This past July, I lead my only photo tour of the last 2 years. It was a pleasure to be able to spend time searching for humpback whales with my friends Tony Wu, Steve Levi, and Doug Perrine. Unfortunately, we had to search longer and farther for whales than anytime since I first started visiting Southeast Alaska over a decade ago. Eventually, we located a group that was cooperatively bubble-net feeding in Frederick Sound. During the evening that I photographed this scene, the ocean was calm and the sunset light was prolonged. I love the dark clouds and tree covered hills in the background as the golden light illuminated this whale’s breath. If you look closely, there is also a faint rainbow visible near the base of the blow. It took luck and skill built up during my years of experience in order to compose this image while also piloting the skiff and shooting at the same time.
My most recent trip was returning to Seattle in early October. The purpose of this visit was that one of my Kauai friends wanted to go to a Seattle Seahawks football game for his birthday, plus my dad was also turning 80 the following weekend and I wanted to celebrate it with him. It had been several years since I had experienced fall, so I also planned on visiting the North Cascades. I drove up to the Methow Valley with my buddy Tom and we spent 2 nights in a friend’s beautiful cabin near Mazama. The weather was ideal with clear blue skies and crisp autumn air. One afternoon, I decided to revisit a location where I had photographed one of my favorite abstract images almost 20 years ago. I found this fallen leaf tranquilly marooned along the river’s shore and maneuvered my camera into position to include the contrasting yellow-orange trees and blue sky reflection. I especially like the water ripples in the reflection that add another dimension to this beautiful composition.
Over the last decade, I have focused much of my travel and photography on Alaska. However, my only trip up north this year was in early August when I lead a small group tour in search of my favorite subject, humpback whales bubble-net feeding. There were some ups and downs associated with this particular trip that I do not need to get into, but it was definitely my most productive tour photographically for bubble-net feeding. I told my clients that they should be proud of what we accomplished. The exhilaration of photographing over a dozen humpback whales cooperatively hunting and feeding on schools of herring never gets old. It does get frustrating, but never boring. This image shows a very close encounter where I had to zoom back to 70mm as the whales erupted above the surface with their mouths about to slam shut. If you look in the mouth of the whale on the right, you can even see a silver herring flying through the air about to be engulfed.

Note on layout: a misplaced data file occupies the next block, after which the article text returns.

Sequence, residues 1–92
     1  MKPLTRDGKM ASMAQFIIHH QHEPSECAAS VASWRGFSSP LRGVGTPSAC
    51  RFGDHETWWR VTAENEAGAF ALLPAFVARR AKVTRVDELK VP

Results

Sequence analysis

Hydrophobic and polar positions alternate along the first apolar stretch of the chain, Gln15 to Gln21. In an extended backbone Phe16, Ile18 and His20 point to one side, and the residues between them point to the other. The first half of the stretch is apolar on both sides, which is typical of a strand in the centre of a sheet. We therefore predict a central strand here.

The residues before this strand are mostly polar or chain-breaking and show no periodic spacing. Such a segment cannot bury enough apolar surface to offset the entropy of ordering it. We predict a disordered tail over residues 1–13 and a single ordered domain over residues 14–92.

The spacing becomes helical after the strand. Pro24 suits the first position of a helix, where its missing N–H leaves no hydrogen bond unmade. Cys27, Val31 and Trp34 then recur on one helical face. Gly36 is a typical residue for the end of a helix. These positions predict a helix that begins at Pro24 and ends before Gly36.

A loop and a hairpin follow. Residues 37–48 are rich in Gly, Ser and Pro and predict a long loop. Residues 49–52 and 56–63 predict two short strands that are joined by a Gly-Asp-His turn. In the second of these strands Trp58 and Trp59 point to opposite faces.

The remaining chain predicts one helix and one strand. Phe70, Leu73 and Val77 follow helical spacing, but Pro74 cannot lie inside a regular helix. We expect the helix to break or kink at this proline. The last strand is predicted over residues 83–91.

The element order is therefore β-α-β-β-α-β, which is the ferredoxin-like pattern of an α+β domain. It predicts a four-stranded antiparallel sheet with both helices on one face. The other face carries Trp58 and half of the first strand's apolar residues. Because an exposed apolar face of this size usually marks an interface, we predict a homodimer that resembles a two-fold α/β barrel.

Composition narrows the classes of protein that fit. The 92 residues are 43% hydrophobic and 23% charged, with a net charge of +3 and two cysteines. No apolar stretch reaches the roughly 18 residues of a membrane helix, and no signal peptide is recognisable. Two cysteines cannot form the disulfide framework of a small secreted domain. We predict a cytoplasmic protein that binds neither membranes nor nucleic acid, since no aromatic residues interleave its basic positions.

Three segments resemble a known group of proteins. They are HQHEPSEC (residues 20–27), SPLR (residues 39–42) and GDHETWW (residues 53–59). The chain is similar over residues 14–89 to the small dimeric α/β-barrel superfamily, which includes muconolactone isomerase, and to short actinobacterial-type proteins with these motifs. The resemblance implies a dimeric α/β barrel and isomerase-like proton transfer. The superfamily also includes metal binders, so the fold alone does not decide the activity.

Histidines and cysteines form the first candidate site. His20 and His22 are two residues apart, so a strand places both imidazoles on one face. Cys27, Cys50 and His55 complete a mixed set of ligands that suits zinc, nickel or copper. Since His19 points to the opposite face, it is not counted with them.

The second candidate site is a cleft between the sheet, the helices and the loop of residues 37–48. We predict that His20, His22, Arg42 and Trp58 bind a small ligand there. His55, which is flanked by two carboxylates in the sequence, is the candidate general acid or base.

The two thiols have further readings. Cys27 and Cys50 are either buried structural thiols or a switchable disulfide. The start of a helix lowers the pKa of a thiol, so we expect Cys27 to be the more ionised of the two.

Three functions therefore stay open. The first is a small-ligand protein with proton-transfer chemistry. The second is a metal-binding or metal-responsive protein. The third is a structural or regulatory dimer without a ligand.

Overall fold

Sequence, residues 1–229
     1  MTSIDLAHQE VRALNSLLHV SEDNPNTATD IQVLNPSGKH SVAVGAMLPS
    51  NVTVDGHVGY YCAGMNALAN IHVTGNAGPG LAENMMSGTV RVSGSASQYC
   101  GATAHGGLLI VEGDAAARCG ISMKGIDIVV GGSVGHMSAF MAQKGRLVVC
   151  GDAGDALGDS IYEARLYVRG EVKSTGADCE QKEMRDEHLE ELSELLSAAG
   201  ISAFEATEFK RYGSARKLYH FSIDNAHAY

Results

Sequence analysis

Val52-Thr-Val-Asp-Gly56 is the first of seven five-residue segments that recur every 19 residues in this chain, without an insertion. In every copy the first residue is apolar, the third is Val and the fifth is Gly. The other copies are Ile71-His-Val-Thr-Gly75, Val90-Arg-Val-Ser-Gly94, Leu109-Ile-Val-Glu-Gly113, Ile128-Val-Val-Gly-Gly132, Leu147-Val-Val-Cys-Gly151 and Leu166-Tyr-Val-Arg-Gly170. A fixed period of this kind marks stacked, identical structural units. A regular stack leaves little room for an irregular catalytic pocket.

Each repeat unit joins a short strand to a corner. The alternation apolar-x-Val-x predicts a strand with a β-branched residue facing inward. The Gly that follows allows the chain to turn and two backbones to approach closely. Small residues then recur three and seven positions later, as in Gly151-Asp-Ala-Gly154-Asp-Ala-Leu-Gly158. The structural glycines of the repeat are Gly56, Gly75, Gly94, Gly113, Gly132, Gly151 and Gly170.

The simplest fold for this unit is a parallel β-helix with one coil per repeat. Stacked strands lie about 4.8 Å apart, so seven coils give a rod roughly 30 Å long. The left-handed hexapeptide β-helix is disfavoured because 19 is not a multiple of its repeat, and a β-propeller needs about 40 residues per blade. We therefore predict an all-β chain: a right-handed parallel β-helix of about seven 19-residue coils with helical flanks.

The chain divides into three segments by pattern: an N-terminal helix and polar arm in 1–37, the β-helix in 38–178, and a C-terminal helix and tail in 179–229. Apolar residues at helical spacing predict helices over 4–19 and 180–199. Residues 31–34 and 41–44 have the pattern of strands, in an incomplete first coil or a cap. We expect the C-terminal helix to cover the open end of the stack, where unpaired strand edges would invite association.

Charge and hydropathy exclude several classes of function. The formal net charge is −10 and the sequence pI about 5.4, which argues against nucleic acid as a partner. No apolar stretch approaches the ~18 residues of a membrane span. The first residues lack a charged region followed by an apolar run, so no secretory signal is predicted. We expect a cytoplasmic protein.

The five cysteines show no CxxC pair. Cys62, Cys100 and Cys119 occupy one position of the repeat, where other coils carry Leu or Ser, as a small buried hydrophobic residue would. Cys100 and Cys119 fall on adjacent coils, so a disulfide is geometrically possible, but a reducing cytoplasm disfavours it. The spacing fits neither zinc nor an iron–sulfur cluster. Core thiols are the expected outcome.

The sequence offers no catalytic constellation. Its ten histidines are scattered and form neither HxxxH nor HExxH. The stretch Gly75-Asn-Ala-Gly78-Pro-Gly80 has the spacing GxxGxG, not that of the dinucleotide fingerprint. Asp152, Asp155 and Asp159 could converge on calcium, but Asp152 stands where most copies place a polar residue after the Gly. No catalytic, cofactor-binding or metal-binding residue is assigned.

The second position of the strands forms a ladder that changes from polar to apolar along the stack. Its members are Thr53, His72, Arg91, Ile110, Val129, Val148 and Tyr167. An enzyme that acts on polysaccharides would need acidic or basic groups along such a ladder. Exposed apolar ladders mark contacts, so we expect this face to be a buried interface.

On Tuesday, the weather was overcast, but potentially clearing in the late afternoon, so I took a chance and drove up to Mount Baker for the third time in a month. It is a 12+ hour round trip from my house, so it is a big commitment requiring a lot of optimism. I hiked up to Heliotrope Ridge to look down onto the Coleman Glacier and was surprised to still find wildflowers blooming. This group of fireweed seemed particularly nice for early September. I set up my camera and crossed my fingers that the clouds would lift in time for sunset. Just as I had hoped, the clouds parted 15 minutes before sunset and the scene was flooded with golden light.
My image Humpback Whales Bubble Feeding 110 is featured in Outdoor Photographer’s June 2013 article “Pro Tips For Summer Hotspots”. In the article, I describe what it is like to observe humpback whales as they cooperatively feed in Alaska, as well as how to photograph this incredible behavior. Also featured in the article, is one of my personal favorite images Tonquin Valley Sunrise 3 along with a description of how to photograph this dramatic scene located in Jasper National Park.
I’m finally home long enough to start editing my images from the last 6 months. Dang, have I been busy and time flies. This is my favorite image that I photographed while co-leading the Alaska portion of Tony Wu and my dual hemisphere Humpback Whale Tour last summer. See how sunny and perfect the conditions were? I kept telling our clients that the weather never got this nice in Southeast. It was an ideal day to spend with a large group of humpback whales that were bubble-net feeding. As this glorious day progressed, the whales stopped feeding and did what whales do best. Absolutely nothing! However, we decided to work on our tans and patiently stay with the whales hoping that they might do something. Eventually, they all started to breach at the same time. It was insane watching all of these enormous animals launch themselves out of the water, let alone positioning the skiff so that everyone could photograph this behavior. I love how the water cascaded off of this whale, plus there is a small rainbow behind it from its blow. I’ve seen this multiple breaching behavior happen enough times to consider that it is some kind of goodbye gesture. Sure enough, after all this breaching was over, the whales swam off in separate directions. I created this image using a Canon 1DmkIV with my 70-200mm f2.8 IS II lens and processed the RAW file using Aperture 3 and Photoshop CS6.